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    Coccidiôze sblarixhaedje houfès plomes

    Coccidiosis' global impact is estimated at Sh36.5 billion ($300 million) causing poor performance, morbidity, and mortality. 

    Coccidiosis is a disease caused by a parasite that affects the gut wall of chickens. The parasite lives in the gut and is transferred to others chickens when it is released through feaces from an infected chicken in the form of a cyst.

    The cycle of infection continues when it’s then eaten by another chicken thus spreading the disease. Depending on the number of cysts eaten a chicken may not be affected especially if they are few. If too many are eaten the chicken will succumb to Coccidiosis.

    Early signs of Coccidiosis include loss of appetite among the flock which eventually stop eating. They then become hunched over with ruffled feathers. The damage to the gut wall reduces the ability of the gut to absorb nutrients resulting in weight loss and diarrhea with bloody chicken droppings.

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    The best way of preventing the disease is by poultry farmers ensuring that chickens are exposed to very low levels of the disease (oocysts) as well as building their immunity. Chicken pens should be cleaned well and extremely thoroughly between flocks. If a pen is not cleaned properly after the flock leaves the pen then the next flock is exposed to high levels of Coccidiosis.

    Poultry farmers with infected birds can treat them using an anti-coccidial medication that prevents the spread of the disease. If the disease is already in the gut then farmers should treat their birds using strong antibiotic therapy. Ensure that the flock has access to multivitamins and probiotics.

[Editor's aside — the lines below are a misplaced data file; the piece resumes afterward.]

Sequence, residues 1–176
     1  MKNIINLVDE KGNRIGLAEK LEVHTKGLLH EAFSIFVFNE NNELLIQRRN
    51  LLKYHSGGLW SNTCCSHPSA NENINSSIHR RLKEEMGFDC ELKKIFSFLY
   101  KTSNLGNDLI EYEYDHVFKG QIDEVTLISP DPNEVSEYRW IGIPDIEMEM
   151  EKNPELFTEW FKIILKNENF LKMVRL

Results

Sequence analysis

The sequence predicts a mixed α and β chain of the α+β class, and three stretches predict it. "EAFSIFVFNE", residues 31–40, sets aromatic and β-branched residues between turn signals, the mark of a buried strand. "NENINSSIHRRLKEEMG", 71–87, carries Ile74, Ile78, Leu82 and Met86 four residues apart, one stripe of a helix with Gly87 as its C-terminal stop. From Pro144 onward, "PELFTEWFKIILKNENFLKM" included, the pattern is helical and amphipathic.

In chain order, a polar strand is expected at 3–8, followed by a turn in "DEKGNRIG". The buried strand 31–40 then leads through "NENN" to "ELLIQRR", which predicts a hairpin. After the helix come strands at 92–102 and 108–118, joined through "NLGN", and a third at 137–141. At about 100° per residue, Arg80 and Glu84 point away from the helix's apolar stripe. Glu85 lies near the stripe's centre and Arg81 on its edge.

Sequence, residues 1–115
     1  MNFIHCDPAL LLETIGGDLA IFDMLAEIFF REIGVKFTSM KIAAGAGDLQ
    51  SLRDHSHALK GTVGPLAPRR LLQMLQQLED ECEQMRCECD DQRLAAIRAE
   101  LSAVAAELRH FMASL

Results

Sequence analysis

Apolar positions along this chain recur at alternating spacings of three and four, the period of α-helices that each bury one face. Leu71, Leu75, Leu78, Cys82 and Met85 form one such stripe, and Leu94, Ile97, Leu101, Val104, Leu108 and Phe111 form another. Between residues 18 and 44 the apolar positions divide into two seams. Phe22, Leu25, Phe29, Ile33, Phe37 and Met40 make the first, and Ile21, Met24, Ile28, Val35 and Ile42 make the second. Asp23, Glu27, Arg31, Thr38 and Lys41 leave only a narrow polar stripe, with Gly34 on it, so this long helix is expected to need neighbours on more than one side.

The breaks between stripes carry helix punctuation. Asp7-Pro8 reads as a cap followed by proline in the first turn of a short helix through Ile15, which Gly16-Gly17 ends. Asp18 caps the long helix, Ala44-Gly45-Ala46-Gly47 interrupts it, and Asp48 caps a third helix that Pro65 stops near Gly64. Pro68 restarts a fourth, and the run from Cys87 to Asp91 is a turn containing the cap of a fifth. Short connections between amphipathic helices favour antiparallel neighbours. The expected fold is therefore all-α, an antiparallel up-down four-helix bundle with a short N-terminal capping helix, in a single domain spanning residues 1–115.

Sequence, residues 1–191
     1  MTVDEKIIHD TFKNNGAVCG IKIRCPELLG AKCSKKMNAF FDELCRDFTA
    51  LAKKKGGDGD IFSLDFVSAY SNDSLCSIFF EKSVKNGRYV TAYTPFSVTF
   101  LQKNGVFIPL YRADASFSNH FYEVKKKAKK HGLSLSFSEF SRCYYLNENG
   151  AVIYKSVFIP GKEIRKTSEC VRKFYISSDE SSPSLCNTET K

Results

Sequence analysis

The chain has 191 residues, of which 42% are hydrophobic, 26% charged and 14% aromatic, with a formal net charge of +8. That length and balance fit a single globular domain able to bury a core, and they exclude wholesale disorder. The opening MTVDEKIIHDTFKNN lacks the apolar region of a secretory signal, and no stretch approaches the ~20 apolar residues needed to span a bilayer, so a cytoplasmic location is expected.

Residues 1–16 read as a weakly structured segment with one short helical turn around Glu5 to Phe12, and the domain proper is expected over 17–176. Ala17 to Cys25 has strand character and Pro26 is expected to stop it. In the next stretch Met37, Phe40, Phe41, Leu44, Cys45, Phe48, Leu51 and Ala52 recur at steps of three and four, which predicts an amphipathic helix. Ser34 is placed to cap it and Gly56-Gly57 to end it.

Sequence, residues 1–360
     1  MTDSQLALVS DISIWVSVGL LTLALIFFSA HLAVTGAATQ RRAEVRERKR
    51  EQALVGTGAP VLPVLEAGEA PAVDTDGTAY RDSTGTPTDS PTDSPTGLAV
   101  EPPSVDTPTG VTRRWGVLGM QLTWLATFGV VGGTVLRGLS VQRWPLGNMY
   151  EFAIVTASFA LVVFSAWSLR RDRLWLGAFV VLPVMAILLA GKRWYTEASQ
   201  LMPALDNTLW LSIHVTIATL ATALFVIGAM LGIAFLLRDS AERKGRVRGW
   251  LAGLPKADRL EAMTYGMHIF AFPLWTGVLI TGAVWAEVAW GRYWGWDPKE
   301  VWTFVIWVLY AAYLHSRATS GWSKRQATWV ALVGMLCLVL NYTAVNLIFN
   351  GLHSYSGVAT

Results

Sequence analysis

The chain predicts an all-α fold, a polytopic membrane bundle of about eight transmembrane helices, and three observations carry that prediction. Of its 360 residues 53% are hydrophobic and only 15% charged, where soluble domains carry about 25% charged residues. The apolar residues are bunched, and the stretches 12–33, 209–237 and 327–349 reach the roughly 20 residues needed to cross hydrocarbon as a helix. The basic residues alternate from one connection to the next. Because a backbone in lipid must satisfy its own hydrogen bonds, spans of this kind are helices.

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    In order for one to guard their flock against any outbreaks that in most cases result in immense losses, experts advise farmers to embrace high standards of hygiene by ensuring that the poultry pen is kept clean and dry. In addition, disinfect the pen regularly; ensure good ventilation in and around the pen.

    A vaccine is available commercially, however, its administration can be complex and needs the correct environment to work, realistically this is not currently practical for backyard chicken holdings.

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    5761231547 25ca47d7ef bFarmers are losing more than 80 per cent of their crops before harvest to the deadly Striga weed, which is attacking multiple crops yet there are simple non-chemical ways of dealing with it.

    Striga, which is nicknamed ‘witch weed’ attacks rice, maize, millet, and sorghum, among other crops in most parts of Rift Valley, Western, Nyanza, Central, and Eastern.

    This weed is parasitic and it creeps into the holes during planting. The weed is thin but highly destructive.


    The weed attacks the root system of the crops and extracts moisture and minerals. This leads to poor development and eventual death due to malnutrition, Caleb Adede of the African Agricultural Technology Foundation (AATF) says.

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    Minimum tillage is one of the leading ways of dealing with this weed. It involves sowing without digging after the previous harvest.

    Minimum tillage gives limited disturbance to the soil besides reducing chances of multiple seed germination.

    Minimum tillage also reduces soil moisture loss. Dismal or no rain soon after planting does not threaten the crop at its tender age.

    At the same time, sufficient moisture gives rise to strong seedlings which can resist the impacts of the weed, according to Access Agriculture.

    Rotation and intercropping